But kids are the ones who really know how to use a swing. Before I built the current swing set, we wore out two others. The first was one of those light weight metal sets. You know what I mean. It was a bunch of sheet metal pipes fitted together with 1/4 inch bolts. It had two light chain swings with cheap plastic seats and a two-seat combination see-saw and swing.

My kids, the ones who are all grown up now, wore out that thing in a matter of months. By the end of its second year, it was becoming dangerous. The swing seats were cracked. The bolts were stripped. The pipes were bent. The stakes I had put down for anchors were coming out of the ground or breaking.

From a friend, I got a "heavy duty" swing set. The frame was made of solid looking aluminum pipes. It had a ladder up the side and monkey bars across the top. The rungs were thick and heavy. Every one of them had two 3/8 inch bolts. The whole thing looked solid and felt heavy. I anchored it by digging four holes, 16 inches deep or more, and filling each of them with a whole bag of ready mixed concrete. I thought those swings would be there for my grandchildren.

In a year, the rungs were starting to bend. The swing pivots were wearing thin. First the seats broke, then the chains on the swings. It was worn out, becoming dangerous for the kids to use.

I unscrewed the bolts, dug up the concrete blocks, and started from scratch. We went to some parks and playgrounds. My wife showed me some wooden swing sets that she liked. I got out my notebook and made some drawings. I made some measurements in the back yard.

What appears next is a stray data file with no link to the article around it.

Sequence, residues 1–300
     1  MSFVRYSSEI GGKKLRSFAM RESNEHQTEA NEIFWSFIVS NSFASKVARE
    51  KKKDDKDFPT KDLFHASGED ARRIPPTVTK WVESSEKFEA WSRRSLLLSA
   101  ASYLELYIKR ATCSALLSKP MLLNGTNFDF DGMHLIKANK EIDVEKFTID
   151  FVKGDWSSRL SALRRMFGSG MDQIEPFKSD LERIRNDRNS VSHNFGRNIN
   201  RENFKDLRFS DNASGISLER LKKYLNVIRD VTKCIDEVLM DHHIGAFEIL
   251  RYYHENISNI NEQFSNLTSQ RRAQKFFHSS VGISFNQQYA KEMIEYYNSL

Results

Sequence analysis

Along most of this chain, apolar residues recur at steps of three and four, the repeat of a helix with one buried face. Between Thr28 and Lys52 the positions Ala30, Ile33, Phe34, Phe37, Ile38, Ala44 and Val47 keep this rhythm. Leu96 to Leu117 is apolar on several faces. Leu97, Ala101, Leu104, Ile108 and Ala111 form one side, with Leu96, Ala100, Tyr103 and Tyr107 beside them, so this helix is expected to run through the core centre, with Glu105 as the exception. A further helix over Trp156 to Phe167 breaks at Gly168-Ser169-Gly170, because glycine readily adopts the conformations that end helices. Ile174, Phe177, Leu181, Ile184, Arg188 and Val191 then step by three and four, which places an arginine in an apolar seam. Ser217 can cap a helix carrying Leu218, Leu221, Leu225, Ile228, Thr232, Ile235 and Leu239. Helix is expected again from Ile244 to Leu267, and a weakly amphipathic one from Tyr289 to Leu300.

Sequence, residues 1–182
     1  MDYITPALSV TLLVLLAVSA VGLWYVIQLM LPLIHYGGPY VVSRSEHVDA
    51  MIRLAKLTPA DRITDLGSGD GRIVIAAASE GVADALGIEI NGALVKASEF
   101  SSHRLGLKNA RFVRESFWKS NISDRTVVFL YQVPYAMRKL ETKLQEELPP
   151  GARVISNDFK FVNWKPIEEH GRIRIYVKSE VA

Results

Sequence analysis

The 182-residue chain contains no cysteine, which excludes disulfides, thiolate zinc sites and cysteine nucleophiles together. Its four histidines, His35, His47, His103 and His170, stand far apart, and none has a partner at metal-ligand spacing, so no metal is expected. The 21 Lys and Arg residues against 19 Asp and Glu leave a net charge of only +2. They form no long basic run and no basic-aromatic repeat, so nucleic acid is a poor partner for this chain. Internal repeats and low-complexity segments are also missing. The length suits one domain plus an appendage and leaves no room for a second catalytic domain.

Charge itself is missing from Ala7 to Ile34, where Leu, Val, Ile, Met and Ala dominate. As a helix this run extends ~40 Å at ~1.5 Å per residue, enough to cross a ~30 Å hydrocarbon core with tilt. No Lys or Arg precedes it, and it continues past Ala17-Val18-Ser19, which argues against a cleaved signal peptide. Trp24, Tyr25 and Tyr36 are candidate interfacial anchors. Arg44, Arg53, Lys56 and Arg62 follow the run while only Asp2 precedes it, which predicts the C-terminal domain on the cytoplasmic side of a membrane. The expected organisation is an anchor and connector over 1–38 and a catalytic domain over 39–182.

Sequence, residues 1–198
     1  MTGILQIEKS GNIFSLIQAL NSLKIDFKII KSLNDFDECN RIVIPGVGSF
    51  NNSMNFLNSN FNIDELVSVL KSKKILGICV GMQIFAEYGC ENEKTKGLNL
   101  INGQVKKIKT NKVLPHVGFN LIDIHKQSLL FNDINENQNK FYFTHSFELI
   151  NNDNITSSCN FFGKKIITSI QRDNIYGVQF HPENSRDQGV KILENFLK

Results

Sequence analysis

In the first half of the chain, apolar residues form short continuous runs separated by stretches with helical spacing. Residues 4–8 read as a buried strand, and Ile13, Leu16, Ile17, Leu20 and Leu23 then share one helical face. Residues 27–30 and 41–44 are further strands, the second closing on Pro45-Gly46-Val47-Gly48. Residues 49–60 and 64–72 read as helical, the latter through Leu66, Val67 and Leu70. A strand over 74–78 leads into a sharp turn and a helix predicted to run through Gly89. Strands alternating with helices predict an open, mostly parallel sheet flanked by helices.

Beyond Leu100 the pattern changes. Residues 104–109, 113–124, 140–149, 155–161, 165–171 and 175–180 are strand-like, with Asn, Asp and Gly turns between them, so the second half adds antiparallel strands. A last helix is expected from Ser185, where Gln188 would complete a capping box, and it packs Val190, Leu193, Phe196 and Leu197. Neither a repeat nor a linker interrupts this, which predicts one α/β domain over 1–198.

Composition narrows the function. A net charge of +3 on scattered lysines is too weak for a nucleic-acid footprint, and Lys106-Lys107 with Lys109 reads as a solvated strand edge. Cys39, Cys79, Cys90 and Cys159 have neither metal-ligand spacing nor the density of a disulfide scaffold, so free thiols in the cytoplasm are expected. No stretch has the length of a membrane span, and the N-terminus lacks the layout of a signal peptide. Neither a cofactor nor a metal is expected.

The result is the wooden swing set that sits in the middle of our back yard. It has been there for the last seven or eight years. Except for one missing rung, it still looks mighty good.

It's big. If you walk out our back door, you won't miss it. It's eight feet tall, four feet deep, and eighteen feet wide. The jungle gym is six feet wide. Four feet up, on the inside, there's a floor. There's a bright blue tarpaulin roof over it, like a tent, so it feels like a playhouse when the kids sit on the floor. They play house in there.

There's a twelve foot set of monkey bars, eight feet high. Two swings and a trapeze hang from the bars. They're made from heavy duty rubber and thick nylon rope. A couple of the swings have worn out, but they're easy (not cheap) to replace. There's a ladder at one end of the monkey bars, and the other end attaches to the jungle gym.

The whole thing is stabilized with wide buttresses that flare out three feet on either end. It was easier to use buttresses than anchors, and it has proven to be more durable, too.

It's all made from salt treated two-by-fours, lag screws and carriage bolts, and one-inch dowels. Every other year, it gets a coat of clear sealer.

It's great. Whenever the weather allows, the kids play out there constantly. Especially in the spring, they swarm all over it, my kids, neighbor kids, strange kids that I never saw before. The swings pump back and forth, almost touching the honeysuckle and morning glory that grows along the back fence. Little kids climb up and down the jungle gym, under the blue tarpaulin then back out and down the side. Slightly older kids sit inside the jungle gym, on the ground, pretending it's a club house. Others walk across the top of the monkey bars or try to swing across without banging into the kids who are swinging.

That's what April is supposed to be like. Summer is for swimming pools. Winter is for sleds. Spring is for swings. And for porches.

Nick Sharp

Richmond, Virginia

April, 1995



orange bulletBack to the Start of "Porches, Swings, and Porchswings"

orange bulletBack to Essays Page

orange bulletTo Nick Sharp's Home Page

[Last Updated: June 25, 1998. Disclaimer: This page does not represent an official position of Virginia Commonwealth University]